'Only nuclear power can now halt global warming'

Leading environmentalist urges radical rethink on climate change

A A A

Global warming is now advancing so swiftly that only a massive expansion of nuclear power as the world's main energy source can prevent it overwhelming civilisation, the scientist and celebrated Green guru, James Lovelock, says.

His call will cause huge disquiet for the environmental movement. It has long considered the 84-year-old radical thinker among its greatest heroes, and sees climate change as the most important issue facing the world, but it has always regarded opposition to nuclear power as an article of faith. Last night the leaders of both Greenpeace and Friends of the Earth rejected his call.

Professor Lovelock, who achieved international fame as the author of the Gaia hypothesis, the theory that the Earth keeps itself fit for life by the actions of living things themselves, was among the first researchers to sound the alarm about the threat from the greenhouse effect.

He was in a select group of scientists who gave an initial briefing on climate change to Margaret Thatcher's Conservative Cabinet at 10 Downing Street in April 1989.

He now believes recent climatic events have shown the warming of the atmosphere is proceeding even more rapidly than the scientists of the UN's Intergovernmental Panel on Climate Change (IPCC) thought it would, in their last report in 2001.

On that basis, he says, there is simply not enough time for renewable energy, such as wind, wave and solar power - the favoured solution of the Green movement - to take the place of the coal, gas and oil-fired power stations whose waste gas, carbon dioxide (CO2), is causing the atmosphere to warm.

He believes only a massive expansion of nuclear power, which produces almost no CO2, can now check a runaway warming which would raise sea levels disastrously around the world, cause climatic turbulence and make agriculture unviable over large areas. He says fears about the safety of nuclear energy are irrational and exaggerated, and urges the Green movement to drop its opposition.

In today's Independent, Professor Lovelock says he is concerned by two climatic events in particular: the melting of the Greenland ice sheet, which will raise global sea levels significantly, and the episode of extreme heat in western central Europe last August, accepted by many scientists as unprecedented and a direct result of global warming.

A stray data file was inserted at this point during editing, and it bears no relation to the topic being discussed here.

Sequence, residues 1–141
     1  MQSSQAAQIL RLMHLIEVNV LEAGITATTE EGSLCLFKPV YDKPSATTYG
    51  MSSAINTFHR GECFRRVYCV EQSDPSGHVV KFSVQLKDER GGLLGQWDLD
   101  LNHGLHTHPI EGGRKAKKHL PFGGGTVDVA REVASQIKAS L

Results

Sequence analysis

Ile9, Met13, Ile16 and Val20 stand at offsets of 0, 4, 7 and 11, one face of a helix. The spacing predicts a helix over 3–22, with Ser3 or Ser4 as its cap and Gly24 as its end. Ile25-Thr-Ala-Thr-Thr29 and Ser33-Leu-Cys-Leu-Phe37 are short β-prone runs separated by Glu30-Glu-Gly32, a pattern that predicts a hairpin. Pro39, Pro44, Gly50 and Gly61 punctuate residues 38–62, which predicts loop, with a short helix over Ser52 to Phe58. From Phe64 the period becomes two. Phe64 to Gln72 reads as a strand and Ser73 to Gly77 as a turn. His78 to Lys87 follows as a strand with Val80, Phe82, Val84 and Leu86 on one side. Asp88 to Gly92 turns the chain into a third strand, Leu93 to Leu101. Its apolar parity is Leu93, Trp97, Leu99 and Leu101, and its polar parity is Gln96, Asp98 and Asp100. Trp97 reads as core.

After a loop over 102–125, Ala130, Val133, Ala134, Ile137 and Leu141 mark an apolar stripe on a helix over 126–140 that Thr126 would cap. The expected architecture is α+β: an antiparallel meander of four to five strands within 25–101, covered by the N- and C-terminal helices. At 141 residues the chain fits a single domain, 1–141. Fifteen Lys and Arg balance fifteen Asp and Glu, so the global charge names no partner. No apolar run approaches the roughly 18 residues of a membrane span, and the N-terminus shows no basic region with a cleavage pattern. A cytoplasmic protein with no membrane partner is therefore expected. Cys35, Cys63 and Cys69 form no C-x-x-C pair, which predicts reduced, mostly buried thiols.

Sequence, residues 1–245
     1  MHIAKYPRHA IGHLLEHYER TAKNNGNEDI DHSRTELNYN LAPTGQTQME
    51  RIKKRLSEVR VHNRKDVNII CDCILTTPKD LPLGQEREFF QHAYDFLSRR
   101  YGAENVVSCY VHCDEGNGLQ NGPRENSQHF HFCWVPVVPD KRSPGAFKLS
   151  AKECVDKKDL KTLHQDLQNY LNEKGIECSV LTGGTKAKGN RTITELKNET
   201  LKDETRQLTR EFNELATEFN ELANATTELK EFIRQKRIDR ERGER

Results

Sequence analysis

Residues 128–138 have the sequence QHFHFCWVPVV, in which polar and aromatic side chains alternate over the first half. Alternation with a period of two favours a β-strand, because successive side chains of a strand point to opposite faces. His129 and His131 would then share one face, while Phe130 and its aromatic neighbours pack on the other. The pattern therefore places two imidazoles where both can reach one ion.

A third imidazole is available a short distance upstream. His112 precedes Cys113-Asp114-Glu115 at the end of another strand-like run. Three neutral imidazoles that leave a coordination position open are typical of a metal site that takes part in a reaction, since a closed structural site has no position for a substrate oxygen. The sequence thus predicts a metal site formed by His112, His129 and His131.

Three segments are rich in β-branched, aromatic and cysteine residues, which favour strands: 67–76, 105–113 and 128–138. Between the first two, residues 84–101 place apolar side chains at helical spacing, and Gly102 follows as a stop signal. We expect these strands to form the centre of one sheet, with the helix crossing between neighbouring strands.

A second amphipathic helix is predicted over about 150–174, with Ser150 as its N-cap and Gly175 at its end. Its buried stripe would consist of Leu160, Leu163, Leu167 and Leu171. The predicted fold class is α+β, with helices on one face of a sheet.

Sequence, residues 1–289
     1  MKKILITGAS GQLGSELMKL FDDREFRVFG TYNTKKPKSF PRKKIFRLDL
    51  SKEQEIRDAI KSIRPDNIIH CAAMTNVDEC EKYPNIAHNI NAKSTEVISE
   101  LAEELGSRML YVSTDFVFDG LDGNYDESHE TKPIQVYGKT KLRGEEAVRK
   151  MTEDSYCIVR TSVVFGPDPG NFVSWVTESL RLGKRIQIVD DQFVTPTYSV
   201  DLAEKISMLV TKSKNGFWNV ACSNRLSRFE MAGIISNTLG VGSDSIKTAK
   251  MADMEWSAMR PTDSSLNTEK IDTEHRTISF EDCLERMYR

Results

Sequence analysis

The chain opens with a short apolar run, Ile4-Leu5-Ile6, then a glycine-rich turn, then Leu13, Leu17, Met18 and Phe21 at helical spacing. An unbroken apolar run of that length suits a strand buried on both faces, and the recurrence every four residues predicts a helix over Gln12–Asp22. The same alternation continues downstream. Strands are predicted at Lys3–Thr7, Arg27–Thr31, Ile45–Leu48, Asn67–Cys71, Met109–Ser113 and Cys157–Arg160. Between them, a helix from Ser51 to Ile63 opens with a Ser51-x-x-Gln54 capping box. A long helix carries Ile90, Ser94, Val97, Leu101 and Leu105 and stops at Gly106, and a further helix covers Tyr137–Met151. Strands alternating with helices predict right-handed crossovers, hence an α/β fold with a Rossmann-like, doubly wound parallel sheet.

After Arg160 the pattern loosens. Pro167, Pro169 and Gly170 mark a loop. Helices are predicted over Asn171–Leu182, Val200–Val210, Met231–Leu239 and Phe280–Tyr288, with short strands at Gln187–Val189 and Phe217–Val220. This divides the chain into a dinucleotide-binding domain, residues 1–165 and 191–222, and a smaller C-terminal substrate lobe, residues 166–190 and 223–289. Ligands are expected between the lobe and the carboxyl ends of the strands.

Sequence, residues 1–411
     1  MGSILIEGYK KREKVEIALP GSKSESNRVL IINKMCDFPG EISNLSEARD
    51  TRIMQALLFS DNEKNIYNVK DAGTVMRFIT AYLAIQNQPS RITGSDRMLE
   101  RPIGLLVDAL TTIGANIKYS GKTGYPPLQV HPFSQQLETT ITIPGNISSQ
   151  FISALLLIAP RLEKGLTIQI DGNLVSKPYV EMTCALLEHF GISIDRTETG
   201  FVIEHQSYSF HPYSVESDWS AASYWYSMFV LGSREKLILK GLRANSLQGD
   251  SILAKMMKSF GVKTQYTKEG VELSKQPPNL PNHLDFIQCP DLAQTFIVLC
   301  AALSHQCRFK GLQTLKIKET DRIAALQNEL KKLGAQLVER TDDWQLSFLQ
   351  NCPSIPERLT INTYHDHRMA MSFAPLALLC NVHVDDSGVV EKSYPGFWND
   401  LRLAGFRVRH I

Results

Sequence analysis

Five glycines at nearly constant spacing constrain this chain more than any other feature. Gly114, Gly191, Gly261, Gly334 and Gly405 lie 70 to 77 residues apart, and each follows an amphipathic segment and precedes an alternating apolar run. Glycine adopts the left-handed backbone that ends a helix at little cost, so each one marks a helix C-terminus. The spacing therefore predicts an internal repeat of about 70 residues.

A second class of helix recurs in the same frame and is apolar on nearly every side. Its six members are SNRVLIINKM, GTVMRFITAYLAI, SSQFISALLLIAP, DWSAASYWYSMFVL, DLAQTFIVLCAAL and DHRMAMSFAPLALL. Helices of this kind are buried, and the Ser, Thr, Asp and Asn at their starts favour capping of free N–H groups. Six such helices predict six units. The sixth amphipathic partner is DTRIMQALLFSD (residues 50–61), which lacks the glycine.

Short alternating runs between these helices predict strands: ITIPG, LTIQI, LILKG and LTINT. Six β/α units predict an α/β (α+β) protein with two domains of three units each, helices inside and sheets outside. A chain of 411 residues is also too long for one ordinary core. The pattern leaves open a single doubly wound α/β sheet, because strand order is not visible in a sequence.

These are ominous warning signs, he says, that climate change is speeding, but many people are still in ignorance of this. Important among the reasons is "the denial of climate change in the US, where governments have failed to give their climate scientists the support they needed".

He compares the situation to that in Europe in 1938, with the Second World War looming, and nobody knowing what to do. The attachment of the Greens to renewables is "well-intentioned but misguided", he says, like the Left's 1938 attachment to disarmament when he too was a left-winger.

He writes today: "I am a Green, and I entreat my friends in the movement to drop their wrongheaded objection to nuclear energy."

His appeal, which in effect is asking the Greens to make a bargain with the devil, is likely to fall on deaf ears, at least at present.

"Lovelock is right to demand a drastic response to climate change," Stephen Tindale, executive director of Greenpeace UK, said last night. "He's right to question previous assumptions.

"But he's wrong to think nuclear power is any part of the answer. Nuclear creates enormous problems, waste we don't know what to do with; radioactive emissions; unavoidable risk of accident and terrorist attack."

Tony Juniper, director of Friends of the Earth, said: "Climate change and radioactive waste both pose deadly long-term threats, and we have a moral duty to minimise the effects of both, not to choose between them."

News
Russia Today’s new UK channel began broadcasting yesterday. Discussions so far have included why Britons see Russia as ‘the bad guy’
news

New UK station Russia Today gives a very bizarre view of Britain

News
people
News
people
Voices
Left: An illustration of the original Jim Crowe, played by TD Rice Right: A Couple dressed as Ray and Janay Rice
voices

By performing as African Americans or Indians, white people get to play act a kind of 'imaginary liberation', writes Michael Mark Cohen

PROMOTED VIDEO
Have you tried new the Independent Digital Edition apps?
News
i100
Arts and Entertainment
Hand out press photograph/film still from the movie Mad Max Fury Road (Downloaded from the Warner Bro's media site/Jasin Boland/© 2014 Warner Bros. Entertainment Inc.)
films'You have to try everything and it’s all a process of elimination, but ultimately you find your path'
Arts and Entertainment
Imelda Staunton as Dolores Umbridge in the Harry Potter films
books